Cost Of Custom Drapes

cost of custom drapes
    custom drapes
  • Made to specification in a workroom.
  • Involve (someone) in (an effort or unpleasant action)
  • Cause the loss of
  • the total spent for goods or services including money and time and labor
  • monetary value: the property of having material worth (often indicated by the amount of money something would bring if sold); "the fluctuating monetary value of gold and silver"; "he puts a high price on his services"; "he couldn't calculate the cost of the collection"
  • (of an object or an action) Require the payment of (a specified sum of money) before it can be acquired or done
  • be priced at; "These shoes cost $100"
cost of custom drapes - The 2011-2016
The 2011-2016 Outlook for Custom Drapes and Curtains in the United States
The 2011-2016 Outlook for Custom Drapes and Curtains in the United States
This econometric study covers the latent demand outlook for custom drapes and curtains across the states and cities of the United States. Latent demand (in millions of U.S. dollars), or potential industry earnings (P.I.E.) estimates are given across some 13,000 cities in the United States. For each city in question, the percent share the city is of it's state and of the United States is reported. These comparative benchmarks allow the reader to quickly gauge a city vis-a-vis others. This statistical approach can prove very useful to distribution and/or sales force strategies. Using econometric models which project fundamental economic dynamics within each state and city, latent demand estimates are created for custom drapes and curtains. This report does not discuss the specific players in the market serving the latent demand, nor specific details at the product level. The study also does not consider short-term cyclicalities that might affect realized sales. The study, therefore, is strategic in nature, taking an aggregate and long-run view, irrespective of the players or products involved.

This study does not report actual sales data (which are simply unavailable, in a comparable or consistent manner in virtually all of the cities in the United States). This study gives, however, my estimates for the latent demand, or the P.I.E., for custom drapes and curtains in the United States. It also shows how the P.I.E. is divided and concentrated across the cities and regional markets of the United States. For each state, I also show my estimates of how the P.I.E. grows over time. In order to make these estimates, a multi-stage methodology was employed that is often taught in courses on strategic planning at graduate schools of business.

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Madison Square Park
Madison Square Park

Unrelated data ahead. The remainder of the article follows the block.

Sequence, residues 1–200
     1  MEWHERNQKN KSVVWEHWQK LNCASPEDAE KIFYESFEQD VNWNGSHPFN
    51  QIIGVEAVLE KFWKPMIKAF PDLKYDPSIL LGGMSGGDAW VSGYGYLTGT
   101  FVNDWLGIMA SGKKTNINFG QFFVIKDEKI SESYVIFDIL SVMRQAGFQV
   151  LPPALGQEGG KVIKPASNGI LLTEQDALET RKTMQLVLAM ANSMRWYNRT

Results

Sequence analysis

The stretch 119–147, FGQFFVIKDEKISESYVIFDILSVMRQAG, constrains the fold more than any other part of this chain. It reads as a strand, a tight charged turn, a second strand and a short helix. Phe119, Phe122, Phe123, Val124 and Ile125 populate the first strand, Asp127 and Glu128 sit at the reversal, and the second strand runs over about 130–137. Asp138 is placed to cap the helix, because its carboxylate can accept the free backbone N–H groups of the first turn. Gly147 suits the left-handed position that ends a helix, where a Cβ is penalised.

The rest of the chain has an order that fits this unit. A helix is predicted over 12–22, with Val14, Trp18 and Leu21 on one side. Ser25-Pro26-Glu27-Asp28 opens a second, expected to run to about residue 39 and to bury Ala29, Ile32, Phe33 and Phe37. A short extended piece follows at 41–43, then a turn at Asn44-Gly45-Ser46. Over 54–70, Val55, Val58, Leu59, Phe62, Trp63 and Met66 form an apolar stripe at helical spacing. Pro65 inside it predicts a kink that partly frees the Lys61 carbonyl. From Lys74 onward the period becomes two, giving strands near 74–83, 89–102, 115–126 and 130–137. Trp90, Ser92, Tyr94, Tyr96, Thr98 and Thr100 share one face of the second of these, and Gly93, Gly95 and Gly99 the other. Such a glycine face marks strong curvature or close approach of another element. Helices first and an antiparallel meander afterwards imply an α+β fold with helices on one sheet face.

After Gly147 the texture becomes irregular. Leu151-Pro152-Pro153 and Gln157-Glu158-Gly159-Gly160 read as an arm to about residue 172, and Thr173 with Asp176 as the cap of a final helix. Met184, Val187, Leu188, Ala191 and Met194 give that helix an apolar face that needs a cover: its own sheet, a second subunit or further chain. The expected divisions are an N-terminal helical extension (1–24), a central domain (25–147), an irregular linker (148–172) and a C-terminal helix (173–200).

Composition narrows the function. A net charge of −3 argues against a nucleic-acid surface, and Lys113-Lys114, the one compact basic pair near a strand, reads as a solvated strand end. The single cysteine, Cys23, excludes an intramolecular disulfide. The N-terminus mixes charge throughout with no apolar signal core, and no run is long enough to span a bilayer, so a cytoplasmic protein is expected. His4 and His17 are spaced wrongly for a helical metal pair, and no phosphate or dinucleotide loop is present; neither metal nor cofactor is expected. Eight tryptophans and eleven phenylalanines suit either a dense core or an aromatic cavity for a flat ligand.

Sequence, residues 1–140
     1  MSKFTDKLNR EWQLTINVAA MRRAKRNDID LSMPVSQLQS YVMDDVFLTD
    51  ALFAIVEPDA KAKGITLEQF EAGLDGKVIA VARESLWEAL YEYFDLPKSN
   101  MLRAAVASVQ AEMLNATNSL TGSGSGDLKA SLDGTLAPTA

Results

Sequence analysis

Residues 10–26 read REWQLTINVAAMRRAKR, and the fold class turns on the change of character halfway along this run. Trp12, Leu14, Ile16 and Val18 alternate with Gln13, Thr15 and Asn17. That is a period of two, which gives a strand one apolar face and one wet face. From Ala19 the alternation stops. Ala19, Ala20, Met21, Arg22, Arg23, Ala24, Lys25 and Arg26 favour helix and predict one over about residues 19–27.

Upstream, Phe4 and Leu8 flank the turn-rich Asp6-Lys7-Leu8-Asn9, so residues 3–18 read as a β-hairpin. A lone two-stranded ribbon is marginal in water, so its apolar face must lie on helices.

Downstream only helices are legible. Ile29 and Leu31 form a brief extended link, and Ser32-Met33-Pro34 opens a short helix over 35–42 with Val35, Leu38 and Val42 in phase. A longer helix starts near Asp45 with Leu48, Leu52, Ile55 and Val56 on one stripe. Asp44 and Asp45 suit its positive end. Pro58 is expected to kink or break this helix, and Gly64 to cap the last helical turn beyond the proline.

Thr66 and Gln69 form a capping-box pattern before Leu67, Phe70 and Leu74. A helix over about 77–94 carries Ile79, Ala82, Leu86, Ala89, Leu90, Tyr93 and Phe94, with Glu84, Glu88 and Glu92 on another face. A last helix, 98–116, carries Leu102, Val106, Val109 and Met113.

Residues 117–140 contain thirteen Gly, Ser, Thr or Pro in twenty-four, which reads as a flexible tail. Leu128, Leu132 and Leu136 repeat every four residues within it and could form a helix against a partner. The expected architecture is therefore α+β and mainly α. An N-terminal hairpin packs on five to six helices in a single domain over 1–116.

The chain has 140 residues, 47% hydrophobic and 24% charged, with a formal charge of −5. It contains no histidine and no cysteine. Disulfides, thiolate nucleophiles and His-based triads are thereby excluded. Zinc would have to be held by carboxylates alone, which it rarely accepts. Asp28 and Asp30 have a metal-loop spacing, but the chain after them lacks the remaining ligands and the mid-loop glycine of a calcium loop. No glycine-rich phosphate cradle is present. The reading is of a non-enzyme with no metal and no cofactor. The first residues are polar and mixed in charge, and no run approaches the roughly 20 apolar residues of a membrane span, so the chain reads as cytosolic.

Madison Square Park: Chester Alan Arthur, the 21st United States President by George Edwin Bissell Dedicated on June 13, 1899, this monumental bronze portrait of Chester Alan Arthur (1830-1886), the 21st United States President, is by sculptor George Edwin Bissell (1839-1920). Arthur was born in Fairfield, Vermont on October 5, 1830, the son of Reverend William Arthur and Malvina Stone. After college he studied law briefly, and then served in 1851 as principal of an academy at North Pownal, Vermont (where James Garfield, the 20th president taught penmanship the following year). In 1853, Arthur moved to New York City, and practiced law. A staunch abolitionist, Arthur gained recognition for taking on civil rights cases, including one which paved the way for integration in the City’s passenger railroads. At this time, he became active in the newly formed Republican Party. During the Civil War, he served the Union as inspector-general and then quartermaster, in charge of providing equipment, clothing, and supplies to those troops in New York. In 1871, Arthur was appointed customs collector of the Port of New York, a position of enormous influence. However, faced with corruption charges, he left office in 1878, under pressure from President Rutherford B. Hayes, an action which angered New York state Republicans led by Senator Roscoe Conkling. They were mollified by the selection of Arthur as the vice-presidential candidate on the successful ticket with James A. Garfield in 1880. Upon Garfield’s assassination in 1881, Arthur assumed the presidency, and was the first president since George Washington to take the oath of office in New York City. Arthur’s administration was considered to be honest and efficient. He successfully supported the Civil Service Reform Act of 1883, and vetoed legislation limiting the immigration Chinese laborers. Failing in 1884 to be renominated, Arthur returned to New York City, and died on November 18, 1886. This statue was commissioned by the friends of Arthur at a cost of $25,000. The ornamental base of polished black Barre granite was designed by James Brown Lord. The sculpture depicts Arthur standing in a frock coat before an armchair, draped with a rug, and embossed on the back with the presidential seal. Bissell, who studied art in Paris, Rome and Florence, was a prolific sculptor, and operated a marble business in Poughkeepsie, New York. He also sculpted the portrait of mayor Abraham de Peyster, formerly in Bowling Green Park, and now in Hanover Square in lower Manhattan. The Arthur sculpture was repatined by the city monuments crew in 1968, and was conserved again in 1986-87. Sculptures of Arthur’s contemporaries, Roscoe Conkling (1893) and Secretary of State William Seward (1876) may be found at the southeast and southwest corners respectively of Madison Square Park, and Augustus Saint-Gaudens’ fine effigy of Admiral Farragut (1881) stands vigilant on the northern side of the park’s central axis.